Obamacare repeal is dead, again. But the months of Republican attacks on the health law will still have consequences for some consumers.
For now, people who get their insurance through Medicaid can rest easy. While some states have applied to make minor changes to their programs, the demise of the Graham-Cassidy legislation on Tuesday means no major cutbacks are on the immediate horizon. But almost every health bill that Republicans proposed this year called for subjecting the program to caps, so that idea seems unlikely to disappear.
Those with employer insurance can also coast along with the status quo; there have been no policy changes affecting the price or comprehensiveness of workplace health plans. The Republican bills would have eliminated rules requiring large employers to offer health benefits and could have weakened protections against annual or lifetime limits on workers’ coverage.
But the recent political cycle means it will probably be a tumultuous season for people who buy their own health insurance. The Trump administration remains deeply opposed to the Affordable Care Act, and it has taken steps that will mean higher prices for insurance and will make it harder for consumers to get information about how to sign up.
Insurers wishing to sell policies in the individual market next year need to sign contracts with the government by Wednesday, confirming their participation and agreeing to prices. Early signals suggest that premiums are set to increase by double digits in most parts of the country.
Insurers say at least some of those increases were to account for the policy uncertainty brought by the Trump administration, which has indicated that it may hold back some routine payments to insurers and that it will reduce outreach to possible customers.
Complete market failure seems to have been averted: There is at least one insurer that has agreed to sell health plans in every county of the country. But Republican critics of the law are right that many parts of the country will have just one insurer offering plans, and that single insurer may be charging very high prices for its products.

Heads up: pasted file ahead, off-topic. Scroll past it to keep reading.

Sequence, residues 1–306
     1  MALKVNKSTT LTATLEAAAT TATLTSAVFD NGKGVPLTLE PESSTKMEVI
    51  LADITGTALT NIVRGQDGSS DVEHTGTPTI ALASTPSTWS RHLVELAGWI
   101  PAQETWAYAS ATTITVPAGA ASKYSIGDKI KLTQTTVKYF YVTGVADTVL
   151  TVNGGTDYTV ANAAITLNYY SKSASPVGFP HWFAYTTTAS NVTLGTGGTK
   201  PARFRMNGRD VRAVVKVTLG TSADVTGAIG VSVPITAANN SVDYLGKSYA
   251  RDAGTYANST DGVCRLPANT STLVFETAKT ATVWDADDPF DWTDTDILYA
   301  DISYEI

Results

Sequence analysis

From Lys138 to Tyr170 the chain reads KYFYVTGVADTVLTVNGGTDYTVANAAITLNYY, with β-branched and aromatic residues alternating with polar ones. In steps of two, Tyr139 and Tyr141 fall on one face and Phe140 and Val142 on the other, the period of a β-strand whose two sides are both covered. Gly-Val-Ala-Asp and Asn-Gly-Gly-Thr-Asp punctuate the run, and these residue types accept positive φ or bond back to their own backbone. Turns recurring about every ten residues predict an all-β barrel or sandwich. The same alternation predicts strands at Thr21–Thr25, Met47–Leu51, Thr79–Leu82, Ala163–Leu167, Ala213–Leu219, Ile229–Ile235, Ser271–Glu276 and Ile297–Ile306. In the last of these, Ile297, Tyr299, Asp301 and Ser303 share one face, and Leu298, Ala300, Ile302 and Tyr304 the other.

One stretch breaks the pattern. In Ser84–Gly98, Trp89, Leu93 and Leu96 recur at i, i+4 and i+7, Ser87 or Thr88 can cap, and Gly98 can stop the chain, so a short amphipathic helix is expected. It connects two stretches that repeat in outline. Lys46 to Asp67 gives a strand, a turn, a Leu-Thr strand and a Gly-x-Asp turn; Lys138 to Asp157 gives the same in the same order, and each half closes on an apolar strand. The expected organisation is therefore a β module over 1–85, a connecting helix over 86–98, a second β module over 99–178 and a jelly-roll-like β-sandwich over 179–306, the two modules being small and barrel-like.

Most Obamacare customers won’t feel the sting of higher premiums, because government subsidies limit their exposure to a percentage of their income. But there are still millions of people who buy their own insurance and earn too much to qualify for subsidies. The rocky market will be worse for them, and possibly unaffordable.
Senators in the Health, Education, Labor and Pensions committee had been negotiating over a possible bipartisan deal to help stabilize the markets. The expected package would guarantee the disputed payments to insurers and provide states with some policy flexibility in future years.
But that effort was shelved by congressional leadership as part of the failed push to pass the Graham-Cassidy health care overhaul. Now, with contract signings imminent, it is probably too late for lawmakers to improve conditions much for next year. (On the flip side, it’s probably also too late for President Trump to create substantially more havoc for markets by declining to pay the insurance subsidies, as he has periodically threatened to do.)
The Trump administration has, so far, been a reluctant overseer of the Obamacare markets. It has slashed its budget for outreach and enrollment assistance for possible customers, meaning that consumers may have more trouble finding out when and how to sign up for health insurance. Its Department of Health and Human Services keeps sending news releases cheerfully noting the law’s shortcomings. (A recent one had the subject line “It’s not working…”)
Officials also recently announced that they expect to take the HealthCare.gov enrollment website offline for maintenance for up to 12 hours on five of the six Sundays during the enrollment period, substantially longer than was needed last year.
The administration argues that people eligible for Obamacare programs are already well-informed about their options, but there is substantial surveyresearch suggesting that many may be confused or simply unaware of how the program works. That may be especially true now, given the months of news about efforts to repeal the law.
Taken together, higher prices and less outreach are likely to mean fewer people buying coverage on the individual insurance market. Insurers’ views on whether to participate in 2019 are likely to be shaped by their experience next year.
The Trump administration has tended to use the poor performance of the health care markets as a prod to legislators to move forward on repeal. But the timing of repeal’s collapse means that, even absent a legislative overhaul, the markets will suffer.
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